Research for a Future in Space: The Role of Life and Physical Sciences is based on the in depth report, Recapturing a Future for Space Exploration: Life and Physical Sciences Research for a New Era. To learn more about the future of space exploration, visit our catalog page and download this report for free.
|Earth Science and Applications from SpaceA Midterm Assessment of NASA's Implementation of the Decadal Survey
Understanding the effects of natural and human-induced changes on the global environment and their implications requires a foundation of integrated observations of land, sea, air and space, on which to build credible information products, forecast models, and other tools for making informed decisions.
The 2007 National Research Council report on decadal survey called for a renewal of the national commitment to a program of Earth observations in which attention to securing practical benefits for humankind plays an equal role with the quest to acquire new knowledge about the Earth system. NASA responded favorably and aggressively to this survey, embracing its overall recommendations for Earth observations, missions, technology investments, and priorities for the underlying science. As a result, the science and applications communities have made significant progress over the past 5 years.
However, the Committee on Assessment of NASA's Earth Science Program found that the survey vision is being realized at a far slower pace than was recommended, principally because the required budget was not achieved. Exacerbating the budget shortfalls, NASA Earth science programs experienced launch failures and delays and the cost of implementing missions increased substantially as a result of changes in mission scope, increases in launch vehicle costs and/or the lack of availability of a medium-class launch vehicle, under-estimation of costs by the decadal survey, and unfunded programmatic changes that were required by Congress and the Office of Management and Budget. In addition, the National Oceanic and Atmospheric Administration (NOAA) has made significant reductions in scope to its future Earth environmental observing satellites as it contends with budget shortfalls.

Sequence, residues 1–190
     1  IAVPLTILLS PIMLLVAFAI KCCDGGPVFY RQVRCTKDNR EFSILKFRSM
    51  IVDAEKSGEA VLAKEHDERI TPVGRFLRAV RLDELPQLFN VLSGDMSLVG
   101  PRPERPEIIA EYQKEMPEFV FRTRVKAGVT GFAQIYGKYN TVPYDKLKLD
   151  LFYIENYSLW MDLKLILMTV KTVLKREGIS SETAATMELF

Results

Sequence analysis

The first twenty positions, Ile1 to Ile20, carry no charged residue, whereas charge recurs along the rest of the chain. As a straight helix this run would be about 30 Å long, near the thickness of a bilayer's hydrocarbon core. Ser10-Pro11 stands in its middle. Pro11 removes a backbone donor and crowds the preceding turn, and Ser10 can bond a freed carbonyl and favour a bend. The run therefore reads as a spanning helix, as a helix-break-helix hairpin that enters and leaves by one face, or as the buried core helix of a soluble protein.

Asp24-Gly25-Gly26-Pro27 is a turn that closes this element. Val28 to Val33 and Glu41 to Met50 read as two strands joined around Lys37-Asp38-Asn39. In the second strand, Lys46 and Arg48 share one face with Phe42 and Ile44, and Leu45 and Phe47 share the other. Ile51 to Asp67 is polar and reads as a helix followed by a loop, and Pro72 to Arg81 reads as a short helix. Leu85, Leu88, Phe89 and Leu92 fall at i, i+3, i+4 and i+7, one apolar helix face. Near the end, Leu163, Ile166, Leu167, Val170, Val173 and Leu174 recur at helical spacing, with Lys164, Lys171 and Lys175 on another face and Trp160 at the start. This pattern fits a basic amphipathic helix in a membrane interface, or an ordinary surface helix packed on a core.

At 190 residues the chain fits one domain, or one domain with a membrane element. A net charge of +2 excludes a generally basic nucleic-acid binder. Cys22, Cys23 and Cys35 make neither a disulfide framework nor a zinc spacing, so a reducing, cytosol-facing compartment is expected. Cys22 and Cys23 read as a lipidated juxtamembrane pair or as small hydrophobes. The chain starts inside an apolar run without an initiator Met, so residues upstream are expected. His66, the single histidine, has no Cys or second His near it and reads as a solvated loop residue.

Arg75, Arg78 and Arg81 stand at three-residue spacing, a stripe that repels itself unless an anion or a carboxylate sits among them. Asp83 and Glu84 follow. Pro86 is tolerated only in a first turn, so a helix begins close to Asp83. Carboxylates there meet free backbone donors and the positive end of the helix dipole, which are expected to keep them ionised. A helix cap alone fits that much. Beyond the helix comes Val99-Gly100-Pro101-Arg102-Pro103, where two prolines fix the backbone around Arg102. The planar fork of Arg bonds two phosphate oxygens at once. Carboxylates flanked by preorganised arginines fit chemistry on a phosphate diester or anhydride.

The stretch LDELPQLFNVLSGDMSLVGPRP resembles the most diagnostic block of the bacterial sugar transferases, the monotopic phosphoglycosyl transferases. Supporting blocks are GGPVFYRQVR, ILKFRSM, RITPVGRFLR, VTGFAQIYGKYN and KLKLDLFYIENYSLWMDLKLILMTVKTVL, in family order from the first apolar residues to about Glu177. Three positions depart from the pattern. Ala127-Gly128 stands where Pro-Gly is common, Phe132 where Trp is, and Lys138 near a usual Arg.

Earth Science and Applications from Space: A Midterm Assessment of NASA's Implementation of the Decadal Survey recommends a number of steps to better manage existing programs and to implement future programs that will be recommended by the next decadal survey. The report also highlights the urgent need for the Executive Branch to develop and implement an overarching multiagency national strategy for Earth observations from space, a key recommendation of the 2007 decadal survey that remains unfulfilled.
|Assessment of Planetary Protection Requirements for Spacecraft Missions to Icy Solar System Bodies
NASA's exploration of planets and satellites during the past 50 years has led to the discovery of traces of water ice throughout the solar system and prospects for large liquid water reservoirs beneath the frozen ICE shells of multiple satellites of the giant planets of the outer solar system. During the coming decades, NASA and other space agencies will send flybys, orbiters, subsurface probes, and, possibly, landers to these distant worlds in order to explore their geologic and chemical context. Because of their potential to harbor alien life, NASA will select missions that target the most habitable outer solar system objects. This strategy poses formidable challenges for mission planners who must balance the opportunity for exploration with the risk of contamination by Earth's microbes, which could confuse the interpretation of data obtained from these objects.
The 2000 NRC report Preventing the Forward Contamination of Europa provided a criterion that was adopted with prior recommendations from the Committee on Space Research of the International Council for Science. This current NRC report revisits and extends the findings and recommendations of the 2000 Europa report in light of recent advances in planetary and life sciences and, among other tasks, assesses the risk of contamination of icy bodies in the solar system.
|Space Studies Board Annual Report 2011
The original charter of the Space Science Board was established in June 1958, 3 months before the National Aeronautics and Space Administration (NASA) opened its doors. The Space Science Board and its successor, the Space Studies Board (SSB), have provided expert external and independent scientific and programmatic advice to NASA on a continuous basis from NASA's inception until the present. The SSB has also provided such advice to other executive branch agencies, including the National Oceanic and Atmospheric Administration (NOAA), the National Science Foundation (NSF), the U.S. Geological Survey (USGS), the Department of Defense, as well as to Congress.